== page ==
As a six-year veteran of the Arrowverse, Legends of Tomorrow’s turnaround is easily the most impressive and improved show, an argument for not throwing out the Arrowverse baby with the overly complex bathwater. The series cycles through cast members with uncommon regularity, and at the end of this season it will lose Dominic Purcell, who has played Heat Wave as a member of the main cast since season 1.
In the meantime, though? The series is doing what it does best, introducing a bonkers season-long arc that allows for interesting standalone episodes along the way. The latest season kicked off with the misfit time travelers lying low in the 1970s, only to find out from David Bowie (Thomas Nicholson, charmingly not a spitting image of the man) that Sara Lance (Caity Lotz, one of the only other cast members still around from season 1) was abducted by aliens — just before she was about to propose to her girlfriend. The result is a blast, even if you haven’t been watching the show for a while, just a goofball good time with B-Movie aliens and globetrotting comedy on a tiny, tiny, TV budget that adds to the charm.
The continued success of Legends makes the current season of The Flash absolutely painful to get through, as its current season is bogged down in continuity-heavy drama that also has to account for main cast departures, new introductions, and a deficit of the charm it once had. Season 7’s overarching plot requires a working knowledge of deep Flash lore, introducing a new personification of the Speed Force that gives the Flash his powers, as well as three other “Forces” and their respective avatars — a development that has its earliest roots in 2019 Crisis on Infinite Earths crossover. In other words: the show is impenetrable.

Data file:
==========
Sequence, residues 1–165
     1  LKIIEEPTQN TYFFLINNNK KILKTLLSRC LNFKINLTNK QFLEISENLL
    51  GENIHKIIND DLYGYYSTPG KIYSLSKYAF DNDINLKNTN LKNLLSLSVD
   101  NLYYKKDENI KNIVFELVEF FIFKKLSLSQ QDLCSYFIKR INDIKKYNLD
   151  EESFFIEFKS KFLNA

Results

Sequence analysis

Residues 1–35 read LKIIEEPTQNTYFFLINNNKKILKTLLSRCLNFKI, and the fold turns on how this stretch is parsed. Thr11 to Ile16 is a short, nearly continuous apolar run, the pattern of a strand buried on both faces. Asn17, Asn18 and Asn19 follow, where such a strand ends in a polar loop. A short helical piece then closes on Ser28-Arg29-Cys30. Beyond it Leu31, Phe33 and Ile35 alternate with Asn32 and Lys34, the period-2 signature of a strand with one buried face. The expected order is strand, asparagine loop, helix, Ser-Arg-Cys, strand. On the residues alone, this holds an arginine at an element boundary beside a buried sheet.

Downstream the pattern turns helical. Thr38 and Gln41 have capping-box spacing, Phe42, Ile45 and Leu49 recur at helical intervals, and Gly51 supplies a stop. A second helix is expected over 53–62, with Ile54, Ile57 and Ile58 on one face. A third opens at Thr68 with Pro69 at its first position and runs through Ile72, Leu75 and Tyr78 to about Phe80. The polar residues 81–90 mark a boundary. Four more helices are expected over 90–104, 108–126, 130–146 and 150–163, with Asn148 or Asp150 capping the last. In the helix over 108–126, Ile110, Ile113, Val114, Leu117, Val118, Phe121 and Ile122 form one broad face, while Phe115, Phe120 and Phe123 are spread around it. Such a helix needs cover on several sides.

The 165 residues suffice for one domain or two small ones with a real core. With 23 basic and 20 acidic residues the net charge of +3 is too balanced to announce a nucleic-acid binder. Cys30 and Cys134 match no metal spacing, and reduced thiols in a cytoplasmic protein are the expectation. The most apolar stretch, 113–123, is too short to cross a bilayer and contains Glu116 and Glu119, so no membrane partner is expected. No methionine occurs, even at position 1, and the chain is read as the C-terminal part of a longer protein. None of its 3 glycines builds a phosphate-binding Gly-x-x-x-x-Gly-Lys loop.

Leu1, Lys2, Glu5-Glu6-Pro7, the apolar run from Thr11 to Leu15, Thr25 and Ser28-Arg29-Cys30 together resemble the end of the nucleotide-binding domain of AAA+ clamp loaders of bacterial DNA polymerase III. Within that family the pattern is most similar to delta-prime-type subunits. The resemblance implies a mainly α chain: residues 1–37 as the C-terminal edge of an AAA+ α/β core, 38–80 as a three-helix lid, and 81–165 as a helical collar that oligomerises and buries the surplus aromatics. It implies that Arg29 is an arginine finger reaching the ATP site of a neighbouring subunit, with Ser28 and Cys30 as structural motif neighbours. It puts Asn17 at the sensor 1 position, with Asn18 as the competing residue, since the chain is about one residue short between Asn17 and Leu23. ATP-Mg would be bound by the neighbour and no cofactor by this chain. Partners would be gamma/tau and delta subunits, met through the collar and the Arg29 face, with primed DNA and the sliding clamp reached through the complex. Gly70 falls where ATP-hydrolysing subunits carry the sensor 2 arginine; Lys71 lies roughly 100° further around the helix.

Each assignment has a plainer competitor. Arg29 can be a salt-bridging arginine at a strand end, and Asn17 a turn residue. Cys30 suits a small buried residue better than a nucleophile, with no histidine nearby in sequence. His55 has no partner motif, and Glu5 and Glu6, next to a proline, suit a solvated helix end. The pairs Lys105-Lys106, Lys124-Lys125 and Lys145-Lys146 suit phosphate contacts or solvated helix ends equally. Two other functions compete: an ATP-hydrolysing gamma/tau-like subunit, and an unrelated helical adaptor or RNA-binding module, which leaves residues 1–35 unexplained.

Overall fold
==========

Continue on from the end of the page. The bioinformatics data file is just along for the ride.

Batwoman is the biggest wrinkle, a show that feels like it errs a little too far on the side of “superhero” in the CW/Superhero continuum, simply because of the high expectations of anything Batman-adjacent. With its lead role recast this season, the focus shifts from a white queer woman with a military background (Ruby Rose’s Kate Kane) to new protagonist Ryan Wilder (Javicia Leslie) who is Black, queer, and unhoused at the start — an attempt by the writers and producers to be more socially aware than other Arrowverse shows at their starts. But because of that forced refocusing, Batwoman feels like the shakiest show, trying to do right by its new protagonist but also trying to keep its continuity ducks in a row — a major subplot this season is the mystery of what happened to the first Batwoman.
None of these shows are showing a hint of crossing over, giving them the space to thrive or flounder in their own identities. Granted, there is a soft thread running through the Arrowverse in the coming weeks — former Arrow character John Diggle (David Ramsey) will be appearing in a mysterious capacity on each show — but it sounds less like a crossover than a reminder that these shows all take place in the same world. Frankly, that’s what the Arrowverse needs right now: Less ambitious crossovers, more stories about people we care about. There is nothing left for superhero media to prove — only that it can tell stories about a wider spectrum of people in all sorts of ways that feel authentic and relevant.
American superhero comics were notoriously not built to last. They were disposable things that, thanks to time and passion and exploitation, have grown in stature to where they sit now. Nearly a hundred years after Superman, they — or more accurately, the corporations that own them — drive the culture. But no matter how satisfying the next blockbuster movie will be, it will always be an odd fit for superheroes. To people like me, they’ll always be at their best in places where most folks aren’t looking, because they don’t find it worthy of their attention. Superheroes can make for great prestige fare, sure but they’re better off when they’re a little misunderstood and meeting people where they’re at — whether that’s comic books, the manga section of Barnes and Noble, or alongside CW soap operas.